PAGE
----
October 31, 2011

The Art of Enhancing Ourselves

As the nation prepares to celebrate Halloween tonight, kids across the nation will be painting make-up on their faces to become someone else and masquerade their appearance. I'm prepared to see a range from cute to creepy faces tonight, depending on the make-up.

Wearing make-up is truly an art. Like a child's first scribbles with crayon, early make-up use tends to be less than artistic, and while a parent may not ooh and ahh over the results, the child still has a sense of growing up. I had my play make-up kits as a little girl and they magically transported me, along with my mother's shoes and grandma's beads, to the world of adulthood.

When I was a young teenager, wearing make-up was the ultimate representation of all things grown up. Despite my frequent proclamations of maturity, I was not allowed to use cosmetics until I turned 16. To prove how mature I was, I would sneak make-up. I left the house fresh faced and spent the bus ride to school aging myself to perfection with requisite 70s blue eye-shadow, matching mascara, and shiny rolled on lip gloss. In my quest to appear mature, it never occurred to me that yearbook photos would capture whatever make-up I was wearing and my ploy did not go undetected. My seventh grade photo complete with the dramatic swath of blue eye-shadow serves as irrefutable evidence of my duplicitous actions.

When I became a mother myself, the art of wearing make-up was quickly relegated to nights out and church only, if that much. It became an art of carving out any precious time I could and make-up wearing rarely seemed like a good use of it. Then one day, my own children asked me if they were old enough to wear make-up, and I found myself scavenging through my drawer realizing I had relegated my art to the proverbial shoe box on the back shelf. The cycle had come full circle. It was time to let the scribbling on a fresh canvas begin. My rules were quite simple. You must still look like yourself or you have to wash it off. I allowed my own children to wear make-up at 13, to save them from the faux pas of sneaking make-up on the bus without intervention of a more sensible, no longer swathed in blue shadow, eye.

I've never thought of make-up as a true masquerade, but rather a way to flatter what I have or enhance my natural features. Much like the way we stand taller or hold in our tummy, make-up is the finishing touch on our personal work of art. Myself, I rarely like to be seen without mascara. What is your "must have" cosmetic?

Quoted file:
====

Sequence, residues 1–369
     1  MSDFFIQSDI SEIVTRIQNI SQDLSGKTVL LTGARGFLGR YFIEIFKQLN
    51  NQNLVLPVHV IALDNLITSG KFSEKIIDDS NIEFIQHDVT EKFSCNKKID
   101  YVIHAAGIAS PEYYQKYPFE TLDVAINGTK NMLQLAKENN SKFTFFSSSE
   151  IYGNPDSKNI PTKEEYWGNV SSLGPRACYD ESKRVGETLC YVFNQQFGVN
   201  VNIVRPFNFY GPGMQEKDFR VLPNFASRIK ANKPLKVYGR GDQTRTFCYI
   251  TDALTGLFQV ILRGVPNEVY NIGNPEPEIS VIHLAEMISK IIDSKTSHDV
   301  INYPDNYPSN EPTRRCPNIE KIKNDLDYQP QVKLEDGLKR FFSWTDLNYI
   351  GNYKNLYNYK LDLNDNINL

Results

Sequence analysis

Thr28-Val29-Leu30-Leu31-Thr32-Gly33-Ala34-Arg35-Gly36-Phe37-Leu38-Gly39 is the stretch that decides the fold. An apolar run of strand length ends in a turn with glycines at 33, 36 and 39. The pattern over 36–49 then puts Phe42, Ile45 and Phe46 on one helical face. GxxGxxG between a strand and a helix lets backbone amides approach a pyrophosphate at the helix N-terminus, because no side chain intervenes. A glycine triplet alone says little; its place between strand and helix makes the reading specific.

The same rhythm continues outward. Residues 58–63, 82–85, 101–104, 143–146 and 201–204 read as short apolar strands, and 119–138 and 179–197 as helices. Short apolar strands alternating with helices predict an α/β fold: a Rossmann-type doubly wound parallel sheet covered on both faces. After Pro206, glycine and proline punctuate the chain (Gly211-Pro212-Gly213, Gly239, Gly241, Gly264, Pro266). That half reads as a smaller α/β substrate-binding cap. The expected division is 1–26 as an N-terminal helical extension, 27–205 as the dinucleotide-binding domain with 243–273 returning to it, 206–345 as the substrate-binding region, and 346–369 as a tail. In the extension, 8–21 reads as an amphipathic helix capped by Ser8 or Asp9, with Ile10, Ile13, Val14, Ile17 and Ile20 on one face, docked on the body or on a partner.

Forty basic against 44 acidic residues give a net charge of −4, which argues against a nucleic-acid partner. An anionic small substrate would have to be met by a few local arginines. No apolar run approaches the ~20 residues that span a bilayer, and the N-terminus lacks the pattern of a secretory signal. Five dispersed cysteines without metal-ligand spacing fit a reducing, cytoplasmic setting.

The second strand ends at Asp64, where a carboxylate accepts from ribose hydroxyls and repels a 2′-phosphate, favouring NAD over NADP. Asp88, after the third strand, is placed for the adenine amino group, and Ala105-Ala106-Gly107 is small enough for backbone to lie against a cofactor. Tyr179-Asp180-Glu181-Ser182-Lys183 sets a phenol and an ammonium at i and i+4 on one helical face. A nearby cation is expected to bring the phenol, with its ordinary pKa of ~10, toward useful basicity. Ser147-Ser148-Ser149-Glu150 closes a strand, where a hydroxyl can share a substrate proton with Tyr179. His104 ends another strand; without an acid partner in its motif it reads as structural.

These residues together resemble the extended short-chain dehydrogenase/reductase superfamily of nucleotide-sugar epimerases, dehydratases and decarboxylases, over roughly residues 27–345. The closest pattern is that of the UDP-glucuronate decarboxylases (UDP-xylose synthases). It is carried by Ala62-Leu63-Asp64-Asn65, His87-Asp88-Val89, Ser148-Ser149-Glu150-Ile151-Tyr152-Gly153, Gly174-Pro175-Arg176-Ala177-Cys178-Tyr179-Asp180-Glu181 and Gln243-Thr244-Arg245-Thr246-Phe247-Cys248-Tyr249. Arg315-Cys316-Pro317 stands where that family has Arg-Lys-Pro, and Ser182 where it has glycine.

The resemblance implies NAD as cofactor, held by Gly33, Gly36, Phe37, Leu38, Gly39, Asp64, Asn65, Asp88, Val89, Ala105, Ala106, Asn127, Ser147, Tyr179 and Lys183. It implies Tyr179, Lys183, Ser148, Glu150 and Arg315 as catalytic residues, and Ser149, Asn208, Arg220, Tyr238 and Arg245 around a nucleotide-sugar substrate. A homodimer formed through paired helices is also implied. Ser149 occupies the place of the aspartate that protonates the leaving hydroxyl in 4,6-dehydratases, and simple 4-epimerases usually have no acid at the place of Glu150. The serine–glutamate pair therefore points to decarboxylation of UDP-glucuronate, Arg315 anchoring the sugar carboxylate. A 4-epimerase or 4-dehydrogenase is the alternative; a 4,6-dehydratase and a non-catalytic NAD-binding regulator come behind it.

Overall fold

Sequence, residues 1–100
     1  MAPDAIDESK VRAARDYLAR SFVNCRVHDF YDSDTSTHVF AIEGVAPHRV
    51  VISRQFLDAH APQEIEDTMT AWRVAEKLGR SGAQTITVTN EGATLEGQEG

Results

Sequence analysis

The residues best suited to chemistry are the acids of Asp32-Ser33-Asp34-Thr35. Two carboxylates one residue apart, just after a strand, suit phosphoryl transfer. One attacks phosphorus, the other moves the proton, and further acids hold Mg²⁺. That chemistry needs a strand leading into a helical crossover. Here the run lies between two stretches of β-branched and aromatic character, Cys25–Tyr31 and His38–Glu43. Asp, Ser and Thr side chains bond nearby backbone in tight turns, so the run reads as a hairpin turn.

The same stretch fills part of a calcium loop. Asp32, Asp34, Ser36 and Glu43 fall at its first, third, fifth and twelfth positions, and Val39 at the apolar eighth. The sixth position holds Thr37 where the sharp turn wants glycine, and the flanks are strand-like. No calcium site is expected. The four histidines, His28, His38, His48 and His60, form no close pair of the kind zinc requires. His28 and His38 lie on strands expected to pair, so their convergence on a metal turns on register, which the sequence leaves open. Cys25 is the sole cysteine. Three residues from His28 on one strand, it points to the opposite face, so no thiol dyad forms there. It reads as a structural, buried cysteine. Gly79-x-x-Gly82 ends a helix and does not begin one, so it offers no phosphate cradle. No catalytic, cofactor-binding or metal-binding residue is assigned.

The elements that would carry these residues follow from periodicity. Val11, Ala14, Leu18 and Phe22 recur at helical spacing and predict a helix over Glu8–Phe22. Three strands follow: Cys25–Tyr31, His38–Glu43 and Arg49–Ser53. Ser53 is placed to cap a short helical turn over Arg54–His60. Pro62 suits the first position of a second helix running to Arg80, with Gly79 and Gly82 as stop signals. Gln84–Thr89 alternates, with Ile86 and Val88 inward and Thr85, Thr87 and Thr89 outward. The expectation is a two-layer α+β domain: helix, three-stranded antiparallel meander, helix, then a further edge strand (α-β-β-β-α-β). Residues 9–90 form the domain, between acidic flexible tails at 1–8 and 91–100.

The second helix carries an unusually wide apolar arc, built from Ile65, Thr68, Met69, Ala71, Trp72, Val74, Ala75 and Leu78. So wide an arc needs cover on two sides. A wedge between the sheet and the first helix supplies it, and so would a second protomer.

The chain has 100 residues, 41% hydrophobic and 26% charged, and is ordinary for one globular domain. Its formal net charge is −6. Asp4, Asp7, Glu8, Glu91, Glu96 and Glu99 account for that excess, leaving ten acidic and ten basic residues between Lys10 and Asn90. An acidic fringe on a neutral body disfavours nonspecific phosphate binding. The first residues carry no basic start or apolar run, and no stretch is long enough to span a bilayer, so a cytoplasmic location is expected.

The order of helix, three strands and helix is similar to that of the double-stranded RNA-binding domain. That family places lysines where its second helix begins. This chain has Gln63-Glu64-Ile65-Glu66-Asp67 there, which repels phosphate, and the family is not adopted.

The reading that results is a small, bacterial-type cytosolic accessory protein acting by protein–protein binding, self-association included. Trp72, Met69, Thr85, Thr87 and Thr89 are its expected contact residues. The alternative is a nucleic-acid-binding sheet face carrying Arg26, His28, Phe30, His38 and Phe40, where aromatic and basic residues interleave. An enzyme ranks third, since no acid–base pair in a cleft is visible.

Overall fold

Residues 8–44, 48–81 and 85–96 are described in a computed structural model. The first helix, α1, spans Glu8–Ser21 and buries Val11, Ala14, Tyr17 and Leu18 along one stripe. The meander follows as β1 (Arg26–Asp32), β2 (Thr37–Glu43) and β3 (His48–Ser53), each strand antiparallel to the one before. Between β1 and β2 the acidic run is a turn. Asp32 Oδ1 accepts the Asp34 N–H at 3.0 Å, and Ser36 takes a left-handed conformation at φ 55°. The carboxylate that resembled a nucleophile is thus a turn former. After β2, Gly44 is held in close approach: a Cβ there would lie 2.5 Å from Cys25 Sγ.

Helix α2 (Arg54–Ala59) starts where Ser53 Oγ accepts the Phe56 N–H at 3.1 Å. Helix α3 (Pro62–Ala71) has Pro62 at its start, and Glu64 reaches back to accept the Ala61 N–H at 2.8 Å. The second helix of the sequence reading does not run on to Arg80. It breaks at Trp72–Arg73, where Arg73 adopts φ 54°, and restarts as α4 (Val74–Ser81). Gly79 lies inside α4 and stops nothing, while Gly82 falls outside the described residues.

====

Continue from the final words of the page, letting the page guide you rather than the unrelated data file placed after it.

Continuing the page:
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October 19, 2011

The Value of Teachers

In Ohio, as Issue 2 becomes more and more heated, as well as a local school levy trying to pass, a lot of criticism is directed to the teachers. Many folks are suggesting we to find out how much our teachers are paid at the Buckeye Institute site. Their income is public knowledge. I wonder how we would feel if our incomes were posted on a public site for the world to gawk?

However, I admit, I'm curious so I checked on a few of the teachers I know personally. I'm sorry friends, I feel like I snooped in their filing cabinet when they weren't looking. The highest I saw was $80K, the lowest was $33K but most hovered around $50K. Guess what? I don't care, I'm not about to be stingy when it comes to investing in the folks who will make my future. And honestly, let's talk about what we "make" versus what we bring home. And what we live on. Let's be real and upfront.

I will also mention the sort of things I see when I make my weekly visit to the inner city classroom:

The building is only 4 years old. As I was walk in, I notice two smashed windows held together with duct tape. I'm not sure if it was a gun or rock or what exactly was used to smash the windows. I can only hope it was after school hours. There are signs all around the block "school zone" no shooting/drugs/etc.

As if. We're assuming those doing the shooting have respect. In the past month alone, there have been 3 random shootings in this neighborhood. Admittedly, I'm nervous driving through there, but I think if everyone is afraid to go in, the children will never see a way out.

While I walked out, I see the flag on the flagpole hanging upside down. I've got a really strong patriotic streak, and I almost marched back into the school to tell them that the flag was hung wrong, but then I realized how busy they really are. The school doesn't have time to fix the flag. But it just made me sad. I've heard an upside down flag is a sign of distress. That certainly is the truth regarding this district.

When I was driving away, I saw an elderly gentleman walking along the sidewalk. He was wearing dress trousers, a fisherman's type of hat, a cardigan sweater, and was carrying a single golf club over his shoulder, presumably as a weapon if needed. Either that or his golf league had one last round and he was walking to the course. I'm gonna guess option A.

I live in a generous district and whatever factors into it, our teachers are well paid. Our students also excel in everything from academics to sports, to music, to arts. We are a highly ranked district. Our kids don't see smashed out windows, nor do the neighbors of the school walk around protecting themselves with golf clubs. I've never seen the flag sending a distress signal.

All I can say is that when it comes to if a student succeeds? Using that as a criteria, our levy should pass easily. My area of the country is known for not just its blight, but also its fight. We have a lot of exciting energy bubbling, as we have been recognized nationally as a great area to start a business, an area filled with emerging innovation. If we want to attract talent, we need to offer a reason. We need to entice talent to our area by the promise of good schools. We owe it to our children to build a better tomorrow.


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